“Manor from Heaven – turning a church into a home” was the title of a recent article in The New Daily by Max Opray who claimed that once churches converted people, now people are converting churches.
Max Opray warns the unwary, that transforming a house of worship into a plain old house is no ordinary renovation job, it comes with a vast tangle of heritage regulations and unexpected challenges ready to trip up the unprepared.
In NSW for example, unauthorised work to an item listed on the State Heritage Register is punishable with fines of up to $1.1 million or six months imprisonment. Ouch!
But having said that, he cites architect David Brown who says that they are truly amazing spaces for someone who wants something a bit different and open plan, with tall windows that offer good natural light …. “they offer the closest thing we have to that New York-style loft dream”.
The four second test
He notes that sermon halls (the church structure) are designed to carry noise as far as possible, church soundscapes are one of the hardest issues to manage. Where a noise in a modern house will reverberate for roughly half a second, in churches sound will bounce around the walls for an average of four seconds.
Choirs were big years ago, every church had their own choir, whether that was a larger group of parishioners or a small group such as a choir ensemble, the church design accentuated the voices being heard in their full tone all the way to the vestibule of the church.
Even today, such churches are remarkably good for such acoustics with modern church bands with their electronic instruments from key boards to trumpets to guitars - the architect’s of church buildings of yesteryear knew their business.
The question then becomes, when converting a church into a home, how best to deal with this four second test and it needs to be handled well.
In October 2012 I wrote in this column about a select number of churches that had been given a make over and were now homes.
I cited a Sydney Morning Herald illustrated article how a 1876 one room Presbyterian church in Laggan, 250 kilometres south-west of Sydney, 57 years later was sold to a farmer who turned it into a sheep pen and now, has become a you-beaut weekender retaining all its classical church like features.
Trisha Croaker concludes her article with: “The building's fourth life? Hopefully as respectful as the lives that have gone before.”
There are numerous churches around Australia that were sold and became transformed into homes. I recall one such visit for an afternoon tea. We were shown around the various nooks and crannies that had been turned into a kitchen, bathroom, dining area, lounge and bedrooms.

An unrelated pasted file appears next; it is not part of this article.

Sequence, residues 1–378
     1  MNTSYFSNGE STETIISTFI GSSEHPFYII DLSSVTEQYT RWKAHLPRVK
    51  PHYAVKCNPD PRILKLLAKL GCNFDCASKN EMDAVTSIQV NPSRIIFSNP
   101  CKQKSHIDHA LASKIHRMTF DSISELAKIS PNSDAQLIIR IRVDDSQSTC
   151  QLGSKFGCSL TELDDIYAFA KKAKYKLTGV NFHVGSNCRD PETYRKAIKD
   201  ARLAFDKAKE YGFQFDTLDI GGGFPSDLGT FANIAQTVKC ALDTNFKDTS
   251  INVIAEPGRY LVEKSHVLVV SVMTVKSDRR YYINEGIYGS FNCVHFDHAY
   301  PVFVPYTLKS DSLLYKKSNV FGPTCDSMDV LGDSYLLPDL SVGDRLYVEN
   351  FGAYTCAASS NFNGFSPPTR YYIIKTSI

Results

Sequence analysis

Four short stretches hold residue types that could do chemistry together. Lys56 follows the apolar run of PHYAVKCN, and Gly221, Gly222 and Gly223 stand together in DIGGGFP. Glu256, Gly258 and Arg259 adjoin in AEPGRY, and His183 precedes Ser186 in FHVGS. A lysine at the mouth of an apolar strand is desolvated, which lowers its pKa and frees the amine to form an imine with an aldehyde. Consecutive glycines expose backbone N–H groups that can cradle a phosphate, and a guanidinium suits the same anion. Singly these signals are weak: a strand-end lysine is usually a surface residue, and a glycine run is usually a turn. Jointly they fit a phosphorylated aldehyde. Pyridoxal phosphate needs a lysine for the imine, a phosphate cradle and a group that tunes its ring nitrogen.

It got me wondering about those who had long gone but had worshipped in that church building, who had given liberally and sacrificially and in most cases, help construct the building.
Moreover the congregation members and where they might have disappeared. Surely the children of those families would have grown up and moved away, mostly to the cities. As in many such situations, as the congregation got older so too the numbers dwindled.
Checking the internet and typing into Google “Churches turned into homes”, expecting a number of entries, but was somewhat astonished at the pages after pages of references to this subject.
Europe is awash
Images of Churches turned into homes - this site has photographs of approximately 1050 churches that have been turned into homes. These images range from huge Gothic buildings to much smaller stone edifices that were once churches.
Many of the photographs were of 'internal' images of these churches turned into homes and they are something to behold. Some are simply a living home, whereas others are clearly 'statements' of the well-healed.
Clearly, one needs to have a flair for this type of conversion. With tongue in cheek, whereas crazy old houses get reputations of spooky ghost legends, perhaps old beautiful churches have “angels”.
Mark Tronson's archive of articles can be viewed at http://www.pressserviceinternational.org/mark-tronson.html
Dr Mark Tronson is a Baptist minister (retired) who served as the Australian cricket team chaplain for 17 years (2000 ret) and established Life After Cricket in 2001. He was recognised by the Olympic Ministry Medal in 2009 presented by Carl Lewis Olympian of the Century. He mentors young writers and has written 24 books, and enjoys writing. He is married to Delma, with four adult children and grand-children. Dr Tronson writes a daily article for Christian Today Australia (since 2008) and in November 2016 established Christian Today New Zealand. Dr Mark Tronson’s Press Service International in 2019 was awarded the Australasian Religious Press Association’s premier award, The Gutenberg.
Mark Tronson's archive of articles can be viewed at